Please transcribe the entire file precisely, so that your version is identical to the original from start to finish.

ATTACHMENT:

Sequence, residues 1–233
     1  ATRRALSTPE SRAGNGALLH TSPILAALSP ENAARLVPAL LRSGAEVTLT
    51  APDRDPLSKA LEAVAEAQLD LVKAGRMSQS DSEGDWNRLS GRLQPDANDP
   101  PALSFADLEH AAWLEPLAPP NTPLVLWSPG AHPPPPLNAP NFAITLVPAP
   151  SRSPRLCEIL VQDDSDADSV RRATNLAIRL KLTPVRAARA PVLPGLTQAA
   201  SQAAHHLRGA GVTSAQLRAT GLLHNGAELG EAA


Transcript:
Sequence, residues 1–233
     1  ATRRALSTPE SRAGNGALLH TSPILAALSP ENAARLVPAL LRSGAEVTLT
    51  APDRDPLSKA LEAVAEAQLD LVKAGRMSQS DSEGDWNRLS GRLQPDANDP
   101  PALSFADLEH AAWLEPLAPP NTPLVLWSPG AHPPPPLNAP NFAITLVPAP
   151  SRSPRLCEIL VQDDSDADSV RRATNLAIRL KLTPVRAARA PVLPGLTQAA
   201  SQAAHHLRGA GVTSAQLRAT GLLHNGAELG EAA